Circular expressions: Elimination of static environments

  • Ravi Sethi
Session 12: A.R. Meyer, Chairman
Part of the Lecture Notes in Computer Science book series (LNCS, volume 115)


Consider the connection between denotational semantics for a language with goto statements and flow diagrams for programs in such a language. The main point of interest is that the denotational semantics uses a recursively defined environment to give the meaning of labels, while a flow diagram merely has a jump to the appropriate program point. A simple reduction called “indirection elimination” strips away the environment from the denotational semantics and extracts an expression with cycles (circular expression) that is very close to the flow diagram of a program. The same idea applies to associating bodies with recursive procedures, or to any construct whose semantics is not wedded to the syntax. Circular expressions are offered as a useful data structure and conceptual device. Expressions with cycles are well defined mathematical objects — their semantics can be given by unfolding them into infinite structures that have been well studied. The practicality of the elimination of environments has been tested by constructing a trial implementation, which serves as the front end of a semantics directed compiler generator. The implementation takes a denotational semantics of a language and constructs a “black box” that maps programs in the language into an intermediate representation. The intermediate representation is a circular expression.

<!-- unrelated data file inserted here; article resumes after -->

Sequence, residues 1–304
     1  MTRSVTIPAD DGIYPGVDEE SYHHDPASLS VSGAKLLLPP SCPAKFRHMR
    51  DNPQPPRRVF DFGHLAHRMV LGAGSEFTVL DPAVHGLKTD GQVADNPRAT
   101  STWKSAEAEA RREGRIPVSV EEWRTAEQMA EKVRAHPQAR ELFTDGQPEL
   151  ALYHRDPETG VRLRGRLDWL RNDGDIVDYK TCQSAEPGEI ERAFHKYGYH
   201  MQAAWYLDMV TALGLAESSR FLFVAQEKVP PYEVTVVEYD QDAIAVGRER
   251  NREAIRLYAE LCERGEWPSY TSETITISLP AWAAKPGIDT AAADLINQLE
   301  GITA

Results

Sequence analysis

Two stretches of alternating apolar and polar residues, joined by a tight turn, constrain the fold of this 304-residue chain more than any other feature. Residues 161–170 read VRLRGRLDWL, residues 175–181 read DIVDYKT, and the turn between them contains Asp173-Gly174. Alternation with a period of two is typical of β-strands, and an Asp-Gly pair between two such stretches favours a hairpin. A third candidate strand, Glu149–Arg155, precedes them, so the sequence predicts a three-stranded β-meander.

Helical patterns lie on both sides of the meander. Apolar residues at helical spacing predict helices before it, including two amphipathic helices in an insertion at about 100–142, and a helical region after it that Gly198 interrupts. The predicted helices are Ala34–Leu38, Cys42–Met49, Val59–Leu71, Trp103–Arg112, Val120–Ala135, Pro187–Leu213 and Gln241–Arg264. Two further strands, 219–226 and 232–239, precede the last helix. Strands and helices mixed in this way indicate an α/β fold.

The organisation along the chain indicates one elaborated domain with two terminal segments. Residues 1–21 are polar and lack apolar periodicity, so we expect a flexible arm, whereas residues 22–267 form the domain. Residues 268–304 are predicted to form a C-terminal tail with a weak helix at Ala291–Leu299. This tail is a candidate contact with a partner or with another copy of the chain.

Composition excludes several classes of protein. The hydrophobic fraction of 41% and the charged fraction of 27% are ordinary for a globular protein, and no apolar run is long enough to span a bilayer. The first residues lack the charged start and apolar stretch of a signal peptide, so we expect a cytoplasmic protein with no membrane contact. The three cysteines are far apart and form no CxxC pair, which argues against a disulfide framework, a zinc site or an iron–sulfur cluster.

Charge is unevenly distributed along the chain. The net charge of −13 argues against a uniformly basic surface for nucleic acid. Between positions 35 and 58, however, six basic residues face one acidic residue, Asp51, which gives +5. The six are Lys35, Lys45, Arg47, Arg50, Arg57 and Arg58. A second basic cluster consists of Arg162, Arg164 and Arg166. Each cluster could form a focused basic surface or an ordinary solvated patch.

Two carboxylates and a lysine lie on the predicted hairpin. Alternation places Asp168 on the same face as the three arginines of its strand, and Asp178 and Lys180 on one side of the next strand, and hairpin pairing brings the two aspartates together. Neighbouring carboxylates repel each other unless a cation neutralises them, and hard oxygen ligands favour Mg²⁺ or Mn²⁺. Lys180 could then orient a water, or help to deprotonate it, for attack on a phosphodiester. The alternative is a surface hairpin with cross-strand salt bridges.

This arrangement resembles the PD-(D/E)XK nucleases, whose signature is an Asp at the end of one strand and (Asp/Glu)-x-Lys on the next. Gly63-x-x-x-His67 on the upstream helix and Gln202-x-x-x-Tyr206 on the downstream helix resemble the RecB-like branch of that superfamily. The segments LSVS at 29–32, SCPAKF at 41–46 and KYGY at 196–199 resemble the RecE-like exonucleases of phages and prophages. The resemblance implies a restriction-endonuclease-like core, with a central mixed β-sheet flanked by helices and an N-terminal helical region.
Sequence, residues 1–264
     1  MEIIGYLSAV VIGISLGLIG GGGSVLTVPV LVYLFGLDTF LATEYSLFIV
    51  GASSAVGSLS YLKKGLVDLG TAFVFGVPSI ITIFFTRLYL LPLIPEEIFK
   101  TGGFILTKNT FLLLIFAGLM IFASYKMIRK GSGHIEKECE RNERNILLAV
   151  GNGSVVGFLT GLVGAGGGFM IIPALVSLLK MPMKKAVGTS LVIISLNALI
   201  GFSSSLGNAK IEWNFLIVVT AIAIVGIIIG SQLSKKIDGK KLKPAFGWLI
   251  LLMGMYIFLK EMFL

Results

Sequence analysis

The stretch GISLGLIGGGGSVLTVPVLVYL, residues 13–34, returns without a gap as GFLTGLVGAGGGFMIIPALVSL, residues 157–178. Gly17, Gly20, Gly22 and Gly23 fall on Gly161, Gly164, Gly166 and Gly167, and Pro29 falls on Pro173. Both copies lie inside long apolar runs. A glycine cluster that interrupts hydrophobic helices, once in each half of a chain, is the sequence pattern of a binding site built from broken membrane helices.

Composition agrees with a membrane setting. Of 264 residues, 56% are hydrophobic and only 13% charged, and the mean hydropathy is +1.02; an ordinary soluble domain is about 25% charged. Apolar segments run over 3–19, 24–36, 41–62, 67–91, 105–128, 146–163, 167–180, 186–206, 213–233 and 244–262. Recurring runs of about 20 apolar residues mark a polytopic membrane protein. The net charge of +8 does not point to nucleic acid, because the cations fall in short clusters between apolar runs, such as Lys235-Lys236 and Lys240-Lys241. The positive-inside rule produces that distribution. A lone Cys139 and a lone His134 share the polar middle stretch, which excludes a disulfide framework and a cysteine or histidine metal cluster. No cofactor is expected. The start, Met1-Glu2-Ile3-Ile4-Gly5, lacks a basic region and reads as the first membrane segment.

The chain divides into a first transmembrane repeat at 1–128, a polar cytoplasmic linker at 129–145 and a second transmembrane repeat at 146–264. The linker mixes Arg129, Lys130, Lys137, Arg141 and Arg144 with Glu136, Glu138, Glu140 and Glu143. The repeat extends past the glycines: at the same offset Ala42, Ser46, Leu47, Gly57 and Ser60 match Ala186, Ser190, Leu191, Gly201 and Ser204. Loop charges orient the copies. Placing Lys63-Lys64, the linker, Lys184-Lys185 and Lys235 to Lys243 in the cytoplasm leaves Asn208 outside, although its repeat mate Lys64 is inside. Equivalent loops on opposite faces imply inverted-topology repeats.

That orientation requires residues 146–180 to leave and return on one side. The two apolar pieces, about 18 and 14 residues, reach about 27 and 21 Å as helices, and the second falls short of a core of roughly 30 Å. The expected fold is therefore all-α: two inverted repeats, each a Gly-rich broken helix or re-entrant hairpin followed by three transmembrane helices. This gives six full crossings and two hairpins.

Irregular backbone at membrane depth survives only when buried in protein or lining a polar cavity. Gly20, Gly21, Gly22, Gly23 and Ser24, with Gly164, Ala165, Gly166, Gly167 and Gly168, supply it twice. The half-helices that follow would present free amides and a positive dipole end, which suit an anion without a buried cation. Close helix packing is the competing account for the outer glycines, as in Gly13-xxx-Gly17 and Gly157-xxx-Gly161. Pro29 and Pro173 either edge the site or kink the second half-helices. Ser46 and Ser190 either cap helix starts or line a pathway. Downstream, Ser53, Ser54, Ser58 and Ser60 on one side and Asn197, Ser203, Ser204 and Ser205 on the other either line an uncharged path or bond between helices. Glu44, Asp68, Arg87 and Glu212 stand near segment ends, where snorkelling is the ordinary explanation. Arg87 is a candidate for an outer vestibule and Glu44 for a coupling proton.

Flow Diagram Intermediate Representation Semantic Rule Denotational Semantic Program Point 
These keywords were added by machine and not by the authors. This process is experimental and the keywords may be updated as the learning algorithm improves.


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Copyright information

© Springer-Verlag Berlin Heidelberg 1981

Authors and Affiliations

  • Ravi Sethi
    • 1
  1. 1.Bell LaboratoriesMurray Hill

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